“Robotic Process Automation (RPA), a synonym to AI, is the application of technology allowing employees in a company to configure computer software or a ‘robot’ to reason, collect and extract knowledge, recognize patterns, learn and adapt to new situations or environments.”
In addition, automation and AI are competent technologies on their own, but the collaboration between RPA and AI allows for complex capabilities to emerge. While automation is able to streamline repetitive, rules-based business processes, the software is largely unable to deal with exceptions on its own or make decisions outside of how it has been programmed. On the other hand, AI can be used, even in addition to automation software, to approach tasks that require more complex decision-making and analysis, such as natural language processing, recommendation services, and online customer support. The coordination between the aforementioned technologies also points to what is possible in the future of RPA.
The big question is: Where is RPA headed? What does the future of RPA look like?
The development of RPA technologies has already come a long way from the days of simple screen scraping, and RPA continues to transform how many companies approach their business activities, especially when it comes to scaling and streamlining processes. It’s a superior technology that has made its way to the forefront for the benefits it provides and the ease at which these benefits can be obtained. Yet, the market is expected to continue to evolve even further and more innovative RPA solutions are predicted to emerge.
Industry analysts expect the combination of RPA solutions with even more intelligent technologies has great potential for widespread adoption across all industries. Machine learning and cognitive computing , for example, are technologies that involve learning on the part of the computer or software beyond their initial programming, much like a human would respond in similar scenarios. These platforms are able to deal with unforeseen errors and exceptions in a business process, learning from and adapting based on previous actions and experiences. Unlike traditional automation, they are able to apply judgement and creativity to their work, which will essentially allow companies automate enhanced visibility, transparency, communication, and collaboration across their value chain.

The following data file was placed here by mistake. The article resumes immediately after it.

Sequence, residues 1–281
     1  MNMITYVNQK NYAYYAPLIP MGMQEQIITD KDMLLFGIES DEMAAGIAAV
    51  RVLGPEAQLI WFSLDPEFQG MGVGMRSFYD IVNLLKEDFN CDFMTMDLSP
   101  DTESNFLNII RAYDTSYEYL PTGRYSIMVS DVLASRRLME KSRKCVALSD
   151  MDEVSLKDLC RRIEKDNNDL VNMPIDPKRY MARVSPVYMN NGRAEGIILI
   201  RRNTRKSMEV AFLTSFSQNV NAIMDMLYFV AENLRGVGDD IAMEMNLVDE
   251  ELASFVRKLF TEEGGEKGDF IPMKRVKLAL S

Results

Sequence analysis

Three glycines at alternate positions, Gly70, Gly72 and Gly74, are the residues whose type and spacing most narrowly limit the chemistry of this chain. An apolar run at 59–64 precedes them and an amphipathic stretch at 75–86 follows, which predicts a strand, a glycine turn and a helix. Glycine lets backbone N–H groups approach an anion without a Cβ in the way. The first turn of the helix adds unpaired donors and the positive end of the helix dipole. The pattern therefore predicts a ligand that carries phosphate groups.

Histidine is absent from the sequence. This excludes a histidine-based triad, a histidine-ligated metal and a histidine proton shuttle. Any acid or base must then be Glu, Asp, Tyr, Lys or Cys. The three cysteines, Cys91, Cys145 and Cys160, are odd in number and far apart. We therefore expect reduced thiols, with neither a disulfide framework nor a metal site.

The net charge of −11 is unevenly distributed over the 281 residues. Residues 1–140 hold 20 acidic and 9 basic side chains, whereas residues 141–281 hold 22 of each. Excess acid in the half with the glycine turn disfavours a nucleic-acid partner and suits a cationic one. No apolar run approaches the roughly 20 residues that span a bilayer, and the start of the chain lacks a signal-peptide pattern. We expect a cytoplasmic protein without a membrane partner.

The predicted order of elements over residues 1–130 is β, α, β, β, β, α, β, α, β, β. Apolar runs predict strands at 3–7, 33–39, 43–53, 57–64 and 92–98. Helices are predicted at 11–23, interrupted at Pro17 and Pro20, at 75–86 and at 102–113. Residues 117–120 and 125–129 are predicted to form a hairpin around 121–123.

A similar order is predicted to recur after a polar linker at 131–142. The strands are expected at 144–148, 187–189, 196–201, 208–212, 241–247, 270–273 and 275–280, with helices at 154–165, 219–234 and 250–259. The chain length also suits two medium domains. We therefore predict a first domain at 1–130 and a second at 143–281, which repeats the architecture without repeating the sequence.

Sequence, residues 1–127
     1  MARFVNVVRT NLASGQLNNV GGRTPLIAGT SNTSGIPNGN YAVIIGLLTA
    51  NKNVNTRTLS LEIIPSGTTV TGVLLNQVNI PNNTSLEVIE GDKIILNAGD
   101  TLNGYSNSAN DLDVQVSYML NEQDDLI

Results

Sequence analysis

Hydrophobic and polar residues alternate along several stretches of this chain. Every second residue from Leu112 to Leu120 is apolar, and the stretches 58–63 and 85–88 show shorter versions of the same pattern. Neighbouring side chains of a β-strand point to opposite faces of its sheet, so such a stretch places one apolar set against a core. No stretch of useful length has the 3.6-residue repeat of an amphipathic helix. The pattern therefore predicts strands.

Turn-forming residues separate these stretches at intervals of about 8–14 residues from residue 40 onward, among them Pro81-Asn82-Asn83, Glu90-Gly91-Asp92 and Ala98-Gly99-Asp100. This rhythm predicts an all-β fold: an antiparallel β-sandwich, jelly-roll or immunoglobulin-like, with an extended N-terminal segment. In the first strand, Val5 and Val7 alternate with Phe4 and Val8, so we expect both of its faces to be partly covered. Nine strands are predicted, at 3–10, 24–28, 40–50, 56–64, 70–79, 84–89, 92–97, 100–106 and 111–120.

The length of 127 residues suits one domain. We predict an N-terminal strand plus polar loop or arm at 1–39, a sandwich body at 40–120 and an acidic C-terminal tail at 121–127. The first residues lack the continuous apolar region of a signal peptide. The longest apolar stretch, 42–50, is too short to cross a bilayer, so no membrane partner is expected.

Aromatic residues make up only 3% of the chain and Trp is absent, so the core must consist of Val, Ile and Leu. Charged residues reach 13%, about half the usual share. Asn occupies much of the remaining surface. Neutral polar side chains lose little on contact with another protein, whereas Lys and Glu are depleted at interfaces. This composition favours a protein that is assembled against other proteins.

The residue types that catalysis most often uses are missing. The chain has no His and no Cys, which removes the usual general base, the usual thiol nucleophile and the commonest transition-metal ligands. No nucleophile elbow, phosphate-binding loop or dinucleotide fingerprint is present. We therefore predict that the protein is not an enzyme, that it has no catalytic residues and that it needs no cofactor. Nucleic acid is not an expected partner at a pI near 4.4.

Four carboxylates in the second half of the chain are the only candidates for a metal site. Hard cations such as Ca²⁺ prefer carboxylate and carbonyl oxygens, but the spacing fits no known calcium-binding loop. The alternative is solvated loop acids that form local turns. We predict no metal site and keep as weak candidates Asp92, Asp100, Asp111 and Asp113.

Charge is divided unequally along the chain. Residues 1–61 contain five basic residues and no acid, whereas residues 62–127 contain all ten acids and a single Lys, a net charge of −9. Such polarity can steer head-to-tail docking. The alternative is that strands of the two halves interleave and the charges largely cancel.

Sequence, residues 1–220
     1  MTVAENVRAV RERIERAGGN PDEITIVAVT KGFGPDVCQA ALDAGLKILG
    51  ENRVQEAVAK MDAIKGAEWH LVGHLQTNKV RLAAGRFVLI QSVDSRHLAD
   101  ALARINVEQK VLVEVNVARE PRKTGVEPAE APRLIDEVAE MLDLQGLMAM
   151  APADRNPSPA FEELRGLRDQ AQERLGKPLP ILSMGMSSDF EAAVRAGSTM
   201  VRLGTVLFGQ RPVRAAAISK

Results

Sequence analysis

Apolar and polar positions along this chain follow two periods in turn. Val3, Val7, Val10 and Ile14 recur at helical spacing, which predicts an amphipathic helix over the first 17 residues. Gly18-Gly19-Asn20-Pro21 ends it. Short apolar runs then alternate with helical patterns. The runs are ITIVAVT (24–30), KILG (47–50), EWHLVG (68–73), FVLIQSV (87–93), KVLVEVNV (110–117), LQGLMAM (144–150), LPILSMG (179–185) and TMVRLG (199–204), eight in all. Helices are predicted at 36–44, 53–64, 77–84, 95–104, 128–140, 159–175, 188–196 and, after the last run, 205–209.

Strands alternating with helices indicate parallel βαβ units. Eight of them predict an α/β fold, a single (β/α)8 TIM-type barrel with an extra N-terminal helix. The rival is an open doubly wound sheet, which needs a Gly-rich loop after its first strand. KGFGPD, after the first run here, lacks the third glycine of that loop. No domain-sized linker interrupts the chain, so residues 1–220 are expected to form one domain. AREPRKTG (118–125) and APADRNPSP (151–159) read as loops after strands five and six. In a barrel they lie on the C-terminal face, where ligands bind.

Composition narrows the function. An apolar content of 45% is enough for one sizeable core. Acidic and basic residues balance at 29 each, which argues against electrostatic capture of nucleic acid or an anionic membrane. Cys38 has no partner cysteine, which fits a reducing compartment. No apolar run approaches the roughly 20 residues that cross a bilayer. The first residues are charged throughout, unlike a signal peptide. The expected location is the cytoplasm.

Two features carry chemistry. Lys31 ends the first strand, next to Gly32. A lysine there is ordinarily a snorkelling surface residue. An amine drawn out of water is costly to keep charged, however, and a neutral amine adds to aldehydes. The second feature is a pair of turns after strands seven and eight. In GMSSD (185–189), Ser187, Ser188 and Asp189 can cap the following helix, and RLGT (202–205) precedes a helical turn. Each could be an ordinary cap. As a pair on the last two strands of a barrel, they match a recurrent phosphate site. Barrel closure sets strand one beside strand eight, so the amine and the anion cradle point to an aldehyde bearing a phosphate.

With the addition of RPA to increase speed and provide process automation support, the journey of machine learning and the development of even more intelligent technology will only be rapidly accelerated. The days of cognitive automation are on the horizon. Software robots are already able to automate simple, repetitive processes, and through the combination of RPA with these intelligent platforms, they will soon be able to improve their own performance and make complex decisions with little intervention or programming. This has the potential to make companies more agile and responsive, which is crucial in today’s increasingly global and complex marketplaces.